The league-wide loss of revenue due to the current pandemic means former Red Sox star Mookie Betts can’t expect the massive free agent contract he expected.
It’s no secret that ownership desperately wanted to slash payroll this year to avoid the luxury tax but they also feared that the massive salary Betts would command on the free-agent market would exceed their limits. The former MVP had rebuffed all of their efforts to negotiate an extension so the Red Sox shipped him to Los Angeles rather than risk losing him for nothing.
It turns out that Betts may have been the one who gambled by not taking the money when he had the chance. It wasn’t long ago that many were predicting Betts to be the next $400 million man but that estimate seems like a pipe dream now.
The coronavirus-delayed season has resulted in a significant league-wide loss of revenue. There will be a shortened schedule this season – if one is played at all – and fans almost certainly won’t be able to attend games in the foreseeable future. The loss of ticket sales and the reduced revenue stemming from televising fewer games is a massive blow to the wallets of every MLB owner.
The ripple effect of teams losing money this year is that there will be less to spend on the next wave of free agents, a class headlined by Betts. While it’s possible that the new economic climate will hurt the middle class and lower tier free agents while the elite talent still gets paid, it’s hard to believe anyone will approach the level once predicted for Betts.
During an appearance Wednesday on 670 The Score’s “Mully & Haugh Show,” Peter Gammons of The Athletic predicted that the drop-off from those pre-pandemic predictions will be steep.
“Free agency is not going to even be, there are no screams — free agency is going to be a whisper for the next three years,” Gammons said. “There are few people that I like better in baseball than Mookie Betts. I thought he was going to make between $350 (million) to $400 million. He’d be lucky to get up to $250 (million) in free agency this coming winter, if they play. It’s just the reality of economics. It’s true in almost every business.”
Betts reportedly turned down a $300 million offer from the Red Sox before he was traded. Now he’d be “lucky” to get $250 million. His willingness to bet on himself by insisting on waiting for free agency to explore his value on the open market once seemed reasonable but now it looks like a massive mistake.
Is it realistic to believe the market for a player of this caliber will plummet this far? Personally, I never believed that $400 million was realistic so the $250 million estimate sounds reasonable. Betts is great but he’s not Mike Trout and shouldn’t be paid in the same stratosphere.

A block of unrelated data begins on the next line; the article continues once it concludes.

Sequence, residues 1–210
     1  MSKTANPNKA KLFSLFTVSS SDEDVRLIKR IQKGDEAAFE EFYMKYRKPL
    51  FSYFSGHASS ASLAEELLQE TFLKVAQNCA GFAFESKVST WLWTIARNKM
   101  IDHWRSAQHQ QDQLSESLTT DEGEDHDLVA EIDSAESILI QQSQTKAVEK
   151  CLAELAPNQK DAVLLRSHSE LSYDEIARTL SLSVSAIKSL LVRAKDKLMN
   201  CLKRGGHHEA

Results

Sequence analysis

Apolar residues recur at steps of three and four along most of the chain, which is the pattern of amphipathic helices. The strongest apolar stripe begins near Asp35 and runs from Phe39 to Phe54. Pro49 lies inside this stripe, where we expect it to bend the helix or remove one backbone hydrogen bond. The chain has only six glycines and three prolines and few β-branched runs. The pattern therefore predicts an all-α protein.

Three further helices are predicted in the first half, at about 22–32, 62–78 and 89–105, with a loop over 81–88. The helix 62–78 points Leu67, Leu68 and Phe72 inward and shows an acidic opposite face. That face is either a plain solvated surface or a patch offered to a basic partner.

Betts will be 28 when he hits free agency, a year older than Trout was when he signed his record-breaking extension. He’s not getting more than 10 years on his next deal, which is what it would take to approach Trout territory. Boston’s $300 million offer was very reasonable when you compare it to deals handed to other elite talent and factoring in age. Now he’ll probably have to settle for far less.
If the market for Betts falls this far then it might give the Red Sox a chance to reclaim their star outfielder. They weren’t going to shell out $400 million for him but they might be enticed if the price tag is lower than their last offer.
Boston’s bid for Betts depends on at least a partial season happening this year. The luxury tax penalties wouldn’t reset if the season is cancelled, placing the Red Sox in the same spot they were in last winter with limited funds to spend. They won’t even bother trying for Betts if it would mean paying the tax for a third consecutive season. If we get baseball back in 2020, Boston can duck the tax this year, paving the way for them to spend freely on the next class of free agents.
The fate of this season depends on the outcome of another financial debate. Owners want players to take an additional pay cut on top of the prorated salaries they already agreed to. Gammons believes that failure to agree to a labor deal that allows the season to begin this year could do “irreparable damage” to the league.
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Both sides need to stop being so stubborn and figure this out. Owners are taking a hit from a loss of revenue and the players are missing a chunk of their paychecks but the ones hurt the most by a lost season are the fans.